Cyprus Mail

The road to economic recovery and resilience

Biz Erol All Public Buildings Should Be Supplied Energy From Solar Pv

By Erol Riza


Whilst the Cypriot private sector with government support has in the past managed to adapt and recover in former crises, a new approach is needed this time as government will be more important than ever before.

For the second time in a decade, the government has been called upon to make decisions and medium term planning for a credible and EU-accepted road map to bring the Cyprus economy, which has depended for decades on external demand, to a new age which implements sustainable investments and the introduction of digital transformation.

The Recovery and Resilience Facility (RRF) established by the European Council must be embraced by the government and the private sector for what it offers is a way out of the current difficulties and the hope for a more resilient economy. In order to be eligible for the loans and grants, the EU Commission will scrutinise plans submitted by member states and funds for eligible projects must be approved by the EU and not by the Cyprus authorities.

The RRF is Pillar 1 of the Next Generation EU which includes loans and grants; there are three pillars, and these can be viewed on the Commission’s website. Grants are frontloaded and Cyprus will receive 764 million euros for years 2021-22 and 204 million euros in 2023.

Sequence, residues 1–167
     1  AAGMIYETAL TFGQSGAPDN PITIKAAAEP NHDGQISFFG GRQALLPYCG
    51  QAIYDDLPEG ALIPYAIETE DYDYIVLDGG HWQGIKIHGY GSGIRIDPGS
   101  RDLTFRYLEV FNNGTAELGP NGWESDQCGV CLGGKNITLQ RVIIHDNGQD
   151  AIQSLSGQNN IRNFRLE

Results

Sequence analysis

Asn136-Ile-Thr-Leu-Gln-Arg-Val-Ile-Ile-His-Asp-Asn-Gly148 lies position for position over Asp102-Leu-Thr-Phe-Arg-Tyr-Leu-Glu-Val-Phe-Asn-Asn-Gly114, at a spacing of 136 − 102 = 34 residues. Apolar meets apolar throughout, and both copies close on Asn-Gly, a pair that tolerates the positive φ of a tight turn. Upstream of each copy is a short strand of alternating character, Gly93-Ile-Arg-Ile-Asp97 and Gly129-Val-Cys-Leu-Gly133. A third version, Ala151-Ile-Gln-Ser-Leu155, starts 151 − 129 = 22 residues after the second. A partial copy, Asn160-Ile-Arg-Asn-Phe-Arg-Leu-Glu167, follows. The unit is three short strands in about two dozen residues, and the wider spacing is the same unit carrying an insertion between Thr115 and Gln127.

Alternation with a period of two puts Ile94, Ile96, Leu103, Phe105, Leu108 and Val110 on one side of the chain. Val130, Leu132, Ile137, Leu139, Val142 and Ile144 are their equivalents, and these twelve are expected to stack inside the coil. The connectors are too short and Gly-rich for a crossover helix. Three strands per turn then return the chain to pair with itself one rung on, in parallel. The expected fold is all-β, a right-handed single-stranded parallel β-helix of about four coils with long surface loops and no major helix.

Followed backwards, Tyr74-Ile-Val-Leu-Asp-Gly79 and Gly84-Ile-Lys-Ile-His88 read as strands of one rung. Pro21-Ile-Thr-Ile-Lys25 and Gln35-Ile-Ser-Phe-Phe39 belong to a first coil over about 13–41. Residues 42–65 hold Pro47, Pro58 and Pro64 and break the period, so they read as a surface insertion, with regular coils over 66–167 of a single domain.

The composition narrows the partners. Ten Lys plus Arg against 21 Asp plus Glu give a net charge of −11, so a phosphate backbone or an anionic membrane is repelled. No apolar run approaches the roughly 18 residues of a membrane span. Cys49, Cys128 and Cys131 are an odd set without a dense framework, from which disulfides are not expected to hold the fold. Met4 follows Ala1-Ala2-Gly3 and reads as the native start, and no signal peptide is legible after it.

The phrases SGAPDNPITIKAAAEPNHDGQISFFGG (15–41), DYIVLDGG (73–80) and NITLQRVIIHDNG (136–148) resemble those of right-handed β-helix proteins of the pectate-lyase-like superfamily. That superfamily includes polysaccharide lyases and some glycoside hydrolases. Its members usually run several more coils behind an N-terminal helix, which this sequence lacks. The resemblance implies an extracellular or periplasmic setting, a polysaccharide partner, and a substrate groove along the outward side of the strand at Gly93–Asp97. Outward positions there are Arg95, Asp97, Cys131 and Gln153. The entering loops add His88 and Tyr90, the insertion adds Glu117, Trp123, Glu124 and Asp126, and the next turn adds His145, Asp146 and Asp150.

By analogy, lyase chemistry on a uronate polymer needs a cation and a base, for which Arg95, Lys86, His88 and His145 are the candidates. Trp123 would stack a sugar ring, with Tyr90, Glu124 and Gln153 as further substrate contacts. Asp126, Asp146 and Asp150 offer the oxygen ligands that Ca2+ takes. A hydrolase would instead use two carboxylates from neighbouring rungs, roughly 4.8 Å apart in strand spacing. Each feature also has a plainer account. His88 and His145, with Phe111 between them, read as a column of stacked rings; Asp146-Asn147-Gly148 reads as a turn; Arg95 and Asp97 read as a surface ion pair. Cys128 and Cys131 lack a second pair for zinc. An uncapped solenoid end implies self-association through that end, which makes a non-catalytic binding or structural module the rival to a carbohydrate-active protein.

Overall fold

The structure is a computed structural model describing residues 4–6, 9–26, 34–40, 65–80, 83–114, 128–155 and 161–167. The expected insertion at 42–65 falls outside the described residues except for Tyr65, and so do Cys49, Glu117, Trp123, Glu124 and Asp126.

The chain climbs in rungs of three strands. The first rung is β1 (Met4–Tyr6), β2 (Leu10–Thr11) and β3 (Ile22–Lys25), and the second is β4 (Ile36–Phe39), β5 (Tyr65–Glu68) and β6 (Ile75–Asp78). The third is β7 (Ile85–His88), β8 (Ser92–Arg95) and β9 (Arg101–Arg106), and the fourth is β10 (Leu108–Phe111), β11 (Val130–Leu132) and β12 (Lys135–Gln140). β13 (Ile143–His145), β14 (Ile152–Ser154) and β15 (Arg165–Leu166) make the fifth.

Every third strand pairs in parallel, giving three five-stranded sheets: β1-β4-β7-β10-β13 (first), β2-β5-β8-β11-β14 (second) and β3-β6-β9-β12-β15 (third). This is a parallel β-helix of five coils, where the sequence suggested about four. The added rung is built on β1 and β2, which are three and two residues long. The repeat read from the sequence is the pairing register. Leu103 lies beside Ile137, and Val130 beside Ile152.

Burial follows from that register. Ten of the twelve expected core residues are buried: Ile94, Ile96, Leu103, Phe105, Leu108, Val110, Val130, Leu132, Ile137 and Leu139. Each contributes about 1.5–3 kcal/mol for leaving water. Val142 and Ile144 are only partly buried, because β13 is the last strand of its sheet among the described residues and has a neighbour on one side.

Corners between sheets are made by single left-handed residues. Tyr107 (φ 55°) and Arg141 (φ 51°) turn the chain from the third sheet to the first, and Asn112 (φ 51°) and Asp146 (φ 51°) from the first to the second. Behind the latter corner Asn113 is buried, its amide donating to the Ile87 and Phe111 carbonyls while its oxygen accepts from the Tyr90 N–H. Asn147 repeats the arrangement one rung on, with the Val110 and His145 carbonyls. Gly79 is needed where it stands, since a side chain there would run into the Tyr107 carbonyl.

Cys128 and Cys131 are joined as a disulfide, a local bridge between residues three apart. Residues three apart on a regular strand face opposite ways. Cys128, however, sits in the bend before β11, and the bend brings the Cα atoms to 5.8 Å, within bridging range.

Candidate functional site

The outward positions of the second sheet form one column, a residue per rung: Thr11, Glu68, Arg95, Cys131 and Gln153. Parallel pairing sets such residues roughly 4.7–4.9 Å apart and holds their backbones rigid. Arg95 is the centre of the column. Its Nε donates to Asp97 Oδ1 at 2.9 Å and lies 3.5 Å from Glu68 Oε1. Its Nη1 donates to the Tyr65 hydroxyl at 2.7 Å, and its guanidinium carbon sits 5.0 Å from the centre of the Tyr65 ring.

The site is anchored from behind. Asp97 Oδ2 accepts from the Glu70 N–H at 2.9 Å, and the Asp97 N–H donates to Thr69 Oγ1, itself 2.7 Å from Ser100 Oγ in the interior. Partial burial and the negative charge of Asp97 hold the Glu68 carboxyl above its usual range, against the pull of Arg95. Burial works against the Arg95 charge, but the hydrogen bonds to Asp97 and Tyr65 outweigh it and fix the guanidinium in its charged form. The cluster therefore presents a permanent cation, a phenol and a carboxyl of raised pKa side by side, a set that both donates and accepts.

In fact, the EU Commission has provided member states with guidance on how to submit their plans for funding and grants. This is set out in a paper which the Commission has published, and it is a template for the plans to be submitted by member states.

The EU Commission website states the following:

Flagship projects

Based on their relevance across member states, the very large investments required, and their potential to create jobs and growth and reap the benefits from the green and digital transitions, the Commission strongly encourages member states to include in their plans, investment and reforms in the following flagship areas:

  1. Power up – The frontloading of future-proof clean technologies and acceleration of the development and use of renewables.
  2. Renovate – The improvement of energy efficiency of public and private buildings.